The six swing states that are said to be decisive in the election, Arizona, Georgia, Michigan, Nevada, Pennsylvania and Wisconsin, all saw traffic drop between 5% and 8%.

The initial minutes of the Biden vs. Trump debate triggered the largest traffic declines in most states, though several, including Florida, Louisiana, Georgia, Nevada, and Wisconsin, observed deeper dips midway through. States like Ohio and Missouri recorded their most substantial traffic drops towards the debate’s conclusion.

In the next table, we provide a detailed breakdown of the same perspective shown on the US map ordered by the magnitude of the drop in traffic. We include the time of the biggest traffic drop compared to the previous week, at a 5-minute granularity, and also the percentage of the drop compared to the previous week. (Illinois is not included due to data issues.)

State Drop in traffic (%) Time of drop in traffic (local) Time of drop in traffic (UTC)
Vermont -17% 21:00 1:00
Alaska -16% 17:30 1:30
South Dakota -16% 20:10 / 19:10 1:10
Wyoming -16% 19:25 1:25
New Hampshire -13% 21:05 1:05
Rhode Island -12% 21:05 1:05
Louisiana -11% 20:45 1:45
Massachusetts -11% 21:05 1:05
Connecticut -10% 21:30 1:30
Montana -10% 19:10 / 18:10 1:10
Nebraska -10% 20:05 / 19:05 1:05
Oklahoma -10% 20:05 1:05
Florida -9% 21:45 1:45
Georgia -8% 21:45 1:45
Nevada -8% 18:40 1:40
New Jersey -8% 21:05 1:05
Ohio -8% 22:25 2:25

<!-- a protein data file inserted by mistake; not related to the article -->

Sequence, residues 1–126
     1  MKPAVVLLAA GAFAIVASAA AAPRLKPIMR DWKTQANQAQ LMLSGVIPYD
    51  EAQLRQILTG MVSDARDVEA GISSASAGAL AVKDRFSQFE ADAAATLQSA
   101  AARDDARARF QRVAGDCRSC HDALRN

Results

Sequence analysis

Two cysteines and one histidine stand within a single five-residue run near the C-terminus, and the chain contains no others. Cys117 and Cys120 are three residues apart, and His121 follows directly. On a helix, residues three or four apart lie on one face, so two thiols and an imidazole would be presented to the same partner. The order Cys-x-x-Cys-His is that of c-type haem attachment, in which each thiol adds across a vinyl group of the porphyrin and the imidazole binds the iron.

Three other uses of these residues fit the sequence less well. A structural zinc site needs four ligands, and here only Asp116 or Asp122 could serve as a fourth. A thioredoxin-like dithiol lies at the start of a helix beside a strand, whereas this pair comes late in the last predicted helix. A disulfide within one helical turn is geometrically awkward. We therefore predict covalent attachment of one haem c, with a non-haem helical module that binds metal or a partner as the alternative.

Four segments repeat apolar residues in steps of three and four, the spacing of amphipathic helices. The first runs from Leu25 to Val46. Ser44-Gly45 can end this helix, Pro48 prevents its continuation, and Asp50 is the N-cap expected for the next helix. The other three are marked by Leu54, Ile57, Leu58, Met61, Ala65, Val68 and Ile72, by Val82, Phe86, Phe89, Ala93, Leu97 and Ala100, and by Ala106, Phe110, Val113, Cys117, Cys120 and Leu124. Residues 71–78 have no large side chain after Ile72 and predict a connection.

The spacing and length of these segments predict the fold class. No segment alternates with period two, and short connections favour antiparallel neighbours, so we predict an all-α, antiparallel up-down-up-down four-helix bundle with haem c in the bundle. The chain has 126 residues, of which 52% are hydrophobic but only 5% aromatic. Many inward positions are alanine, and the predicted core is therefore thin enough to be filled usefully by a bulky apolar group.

Washington -8% 18:30 1:30
Kentucky -7% 21:15 1:15
North Carolina -7% 21:15 1:15
North Dakota -7% 20:10 / 19:10 1:10
Wisconsin -7% 20:45 1:45
California -6% 18:05 1:05
Iowa -6% 20:35 1:35
Kansas -6% 20:05 1:05
Maine -6% 21:05 1:05
Michigan -6% 21:05 1:05
Minnesota -6% 20:05 1:05
New Mexico -6% 19:10 1:10
Tennessee -6% 20:30 / 21:30 1:30
Alabama -5% 20:10 1:10
Arizona -5% 18:20 1:20
Arkansas -5% 20:25 1:25
Colorado -5% 19:15 1:15
Indiana -5% 21:10 1:10
New York -5% 21:25 1:25
Pennsylvania -5% 21:15 1:15
South Carolina -5% 21:35 1:35
Texas -5% 20:20 / 19:20 1:20
Idaho -4% 19:45 / 18:45 1:45
Utah -4% 19:05 1:05
Virginia -4% 21:05 1:05
Delaware -3% 21:05 1:05
Oregon -3% 18:15 1:15
West Virginia -3% 21:05 1:05
District of Columbia -2% 21:55 1:55
Hawaii -2% 15:20 1:20
Maryland -2% 21:10 1:10
Mississippi -2% 20:20 1:20
Missouri -2% 21:10 2:10
Illinois - - -

Switching focus to domain trends, our resolver data reveals a more targeted impact from the debate. Considering the candidates individually (using the official sites related to both candidates), we found that Biden-associated websites saw a 176% surge in DNS queries at around 23:00 EST (03:00 UTC), compared to the previous week.

However, Trump-associated sites saw a greater increase than Biden-associated sites, showing an increase before, during, and after the debate, with the peak growth reaching 803% over the previous week at 01:00 EST (05:00 UTC).